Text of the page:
Born in Adelaide, Australia, to immigrant parents, 26-year-old Bengali-Muslim Mishti Rahman has spent her life trying to straddle two worlds. Now, the social media influencer has found a way to celebrate the parts of her heritage that she values most while still being true to herself.
Caught Between Two Worlds
I played dress up as a young girl, not knowing that I was laying a foundation for a career in fashion, art and design 20 years later. I grew up in Australia, in a Bengali-Muslim household surrounded by a rich tapestry of coloured fabrics, delicious foods, beautiful culture, and rigid outlooks. We had strict rules about how we were to dress in and outside the home and I wasn’t given any input on the matter.
In Sydney, the weather gets up to 40 degrees, and bikini babes are the norm around here; but, for me, that felt as foreign as covering up. I didn’t feel I belonged in either of my two worlds; I didn’t know how to be Bengali and Australian. This came through in the conflicts I had with my parents, whether over the places I wanted to go, or the clothes I wanted to wear. My rebellious side flourished in my teens, as I perfected the art of working around their rules to keep my true self above the surface, and reject my parent’s needs for an obedient daughter. I hid my true self in a backpack and changed when I left the house, almost like a super hero, transforming when no one was looking, but never feeling as powerful. I remember my Muslim friends did the same. We got used to hiding parts of who we were from our families.
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Self-Acceptance and Instagram
Juggling identities was exhausting and no matter how discreet I was, I still felt like I was losing – either in the eyes of those from my culture, or when I looked in the mirror. Being anyone but oneself is draining. I was always cautious of how I behaved and who I felt comfortable revealing myself to. Fortunately, I found this weird and wonderful outlet called Instagram, where I could share who I really felt like on the inside with a world that lay outside the judgemental bubble I was raised in. This wasn’t simply images and videos that were counter to the way I was raised, it was also an opportunity to celebrate the parts of my heritage that I valued, that may not have been embraced by Australian culture.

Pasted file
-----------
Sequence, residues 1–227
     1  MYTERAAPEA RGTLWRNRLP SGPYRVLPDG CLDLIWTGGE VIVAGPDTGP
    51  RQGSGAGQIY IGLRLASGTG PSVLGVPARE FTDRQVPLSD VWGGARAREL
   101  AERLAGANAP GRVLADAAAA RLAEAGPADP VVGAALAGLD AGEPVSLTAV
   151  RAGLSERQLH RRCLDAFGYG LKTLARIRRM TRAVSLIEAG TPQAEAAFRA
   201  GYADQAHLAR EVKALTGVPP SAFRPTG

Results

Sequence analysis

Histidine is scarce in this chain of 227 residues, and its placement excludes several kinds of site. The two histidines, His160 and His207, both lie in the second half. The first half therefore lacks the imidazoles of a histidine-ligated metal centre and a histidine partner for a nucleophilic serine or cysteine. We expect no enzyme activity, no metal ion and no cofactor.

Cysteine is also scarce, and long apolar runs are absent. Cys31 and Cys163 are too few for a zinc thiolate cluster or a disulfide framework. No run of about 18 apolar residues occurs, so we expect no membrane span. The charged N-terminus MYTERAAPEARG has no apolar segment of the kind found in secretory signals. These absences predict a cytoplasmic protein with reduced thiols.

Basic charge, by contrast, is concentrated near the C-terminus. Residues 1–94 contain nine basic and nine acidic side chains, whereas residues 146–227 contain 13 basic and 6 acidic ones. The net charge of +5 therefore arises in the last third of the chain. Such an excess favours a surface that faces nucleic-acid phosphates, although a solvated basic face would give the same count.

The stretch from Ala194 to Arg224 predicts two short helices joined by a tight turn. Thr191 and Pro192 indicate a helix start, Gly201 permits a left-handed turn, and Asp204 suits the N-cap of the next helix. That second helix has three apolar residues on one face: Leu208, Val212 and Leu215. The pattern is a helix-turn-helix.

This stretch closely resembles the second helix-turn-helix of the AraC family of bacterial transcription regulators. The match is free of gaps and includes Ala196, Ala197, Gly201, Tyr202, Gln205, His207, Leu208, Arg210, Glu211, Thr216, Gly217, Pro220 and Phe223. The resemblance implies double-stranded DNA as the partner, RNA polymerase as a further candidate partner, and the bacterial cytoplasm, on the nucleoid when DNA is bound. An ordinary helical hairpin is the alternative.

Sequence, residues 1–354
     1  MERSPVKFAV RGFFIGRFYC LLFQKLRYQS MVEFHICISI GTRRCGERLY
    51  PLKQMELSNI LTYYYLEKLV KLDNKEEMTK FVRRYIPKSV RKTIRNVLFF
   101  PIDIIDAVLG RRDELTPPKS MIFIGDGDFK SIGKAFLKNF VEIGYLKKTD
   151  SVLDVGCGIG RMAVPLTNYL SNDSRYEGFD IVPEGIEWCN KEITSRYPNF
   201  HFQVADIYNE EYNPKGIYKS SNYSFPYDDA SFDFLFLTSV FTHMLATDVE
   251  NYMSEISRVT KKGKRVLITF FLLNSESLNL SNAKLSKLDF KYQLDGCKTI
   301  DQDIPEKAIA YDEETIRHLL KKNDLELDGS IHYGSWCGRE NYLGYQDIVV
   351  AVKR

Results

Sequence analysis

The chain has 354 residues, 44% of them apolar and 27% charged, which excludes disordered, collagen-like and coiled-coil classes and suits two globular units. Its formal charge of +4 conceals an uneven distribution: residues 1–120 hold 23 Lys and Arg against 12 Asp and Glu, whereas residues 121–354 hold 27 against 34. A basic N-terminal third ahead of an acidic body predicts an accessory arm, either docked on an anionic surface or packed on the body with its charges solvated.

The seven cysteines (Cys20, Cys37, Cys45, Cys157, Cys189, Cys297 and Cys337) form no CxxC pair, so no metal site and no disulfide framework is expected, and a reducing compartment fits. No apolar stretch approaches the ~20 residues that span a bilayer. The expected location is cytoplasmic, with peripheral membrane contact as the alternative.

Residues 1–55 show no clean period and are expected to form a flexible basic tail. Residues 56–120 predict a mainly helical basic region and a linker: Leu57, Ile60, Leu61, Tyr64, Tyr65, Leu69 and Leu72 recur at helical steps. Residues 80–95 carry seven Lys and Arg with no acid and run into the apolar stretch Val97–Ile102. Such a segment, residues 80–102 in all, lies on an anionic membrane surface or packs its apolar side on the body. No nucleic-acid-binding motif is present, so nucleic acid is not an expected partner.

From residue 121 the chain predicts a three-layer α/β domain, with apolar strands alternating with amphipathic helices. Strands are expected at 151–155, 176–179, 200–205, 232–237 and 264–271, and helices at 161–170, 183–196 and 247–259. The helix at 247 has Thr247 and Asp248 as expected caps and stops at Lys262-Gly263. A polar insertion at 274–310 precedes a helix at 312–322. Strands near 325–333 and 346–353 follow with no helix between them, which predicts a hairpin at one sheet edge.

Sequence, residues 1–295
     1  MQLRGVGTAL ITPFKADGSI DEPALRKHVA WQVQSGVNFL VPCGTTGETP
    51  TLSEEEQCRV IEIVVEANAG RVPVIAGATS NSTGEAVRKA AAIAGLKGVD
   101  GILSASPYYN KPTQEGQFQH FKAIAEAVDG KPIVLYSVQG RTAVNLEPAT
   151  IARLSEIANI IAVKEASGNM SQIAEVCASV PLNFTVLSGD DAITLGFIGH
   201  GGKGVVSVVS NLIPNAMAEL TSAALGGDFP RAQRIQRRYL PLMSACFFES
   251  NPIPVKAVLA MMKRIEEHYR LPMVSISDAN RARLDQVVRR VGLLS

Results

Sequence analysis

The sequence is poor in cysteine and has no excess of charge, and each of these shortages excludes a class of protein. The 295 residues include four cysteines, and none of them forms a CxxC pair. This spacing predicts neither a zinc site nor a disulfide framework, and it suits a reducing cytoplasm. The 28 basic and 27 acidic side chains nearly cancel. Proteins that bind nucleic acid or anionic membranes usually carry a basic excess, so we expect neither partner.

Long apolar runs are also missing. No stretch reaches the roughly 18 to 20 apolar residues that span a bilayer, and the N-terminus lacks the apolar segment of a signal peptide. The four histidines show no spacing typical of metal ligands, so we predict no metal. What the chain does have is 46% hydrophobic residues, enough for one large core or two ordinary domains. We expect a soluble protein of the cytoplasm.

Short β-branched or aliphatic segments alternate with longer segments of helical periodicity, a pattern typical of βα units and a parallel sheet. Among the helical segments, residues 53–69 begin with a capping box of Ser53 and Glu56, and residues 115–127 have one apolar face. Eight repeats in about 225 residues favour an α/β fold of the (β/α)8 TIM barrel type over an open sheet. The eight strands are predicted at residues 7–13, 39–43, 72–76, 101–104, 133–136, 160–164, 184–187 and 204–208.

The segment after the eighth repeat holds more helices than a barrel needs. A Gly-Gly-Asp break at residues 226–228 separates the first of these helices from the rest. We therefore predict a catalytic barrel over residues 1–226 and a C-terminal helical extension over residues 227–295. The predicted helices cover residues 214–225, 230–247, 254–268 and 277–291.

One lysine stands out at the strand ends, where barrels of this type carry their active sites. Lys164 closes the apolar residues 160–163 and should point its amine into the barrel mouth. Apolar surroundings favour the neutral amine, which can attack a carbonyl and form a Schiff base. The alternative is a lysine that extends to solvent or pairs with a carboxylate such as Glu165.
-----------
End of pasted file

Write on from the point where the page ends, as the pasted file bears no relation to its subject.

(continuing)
Last year, from a Bengali restaurant in Sydney, I uploaded a video eating biryani, the only way I’ve ever eaten it, with my hands. I felt like this was an important step to showing the many worlds I’m a part of, embracing the ways of the old and the new, only keeping that which feel true to who I was. The video received mixed reactions, but it was refreshing. Despite the myriad of opinions, I felt like I had an online family who challenged me, supported me and most importantly accepted me. Putting myself out there made me feel less isolated and much more liberated. My stories of struggle are not unique, and there are countless others going through the same thing. Making that first step to put my true self out there did a number on the way I felt about myself. I wore all my cultures proudly, and from that I was proud of myself.
Empowerment and Celebration
Looking back, I found that courage from taking a step towards something that scared me. I put myself out there, and absorbed the consequences. These last few years have involved discovering and embracing my own unique identity, That journey has given me so many opportunities to build a movement that sheds light on the idea that we all, despite the contrasts of our cultures, can find and merge the beauty from them, to be something wonderful. I feel that as a Bengali woman, my heritage is beyond the expectations of others.
This realization is how women of such underrepresented communities can and will achieve so much. My purpose in life is to empower others to realize that they don’t need to change themselves to fit in, rather they only need discover and amplify who they really are, no matter who they are, where they were born, or the cultures that surround them. There is nothing more beautiful in life than being able to be yourself in all its entirety with all parts of your identity. Who we are isn’t something to be tolerated, it’s something to be celebrated.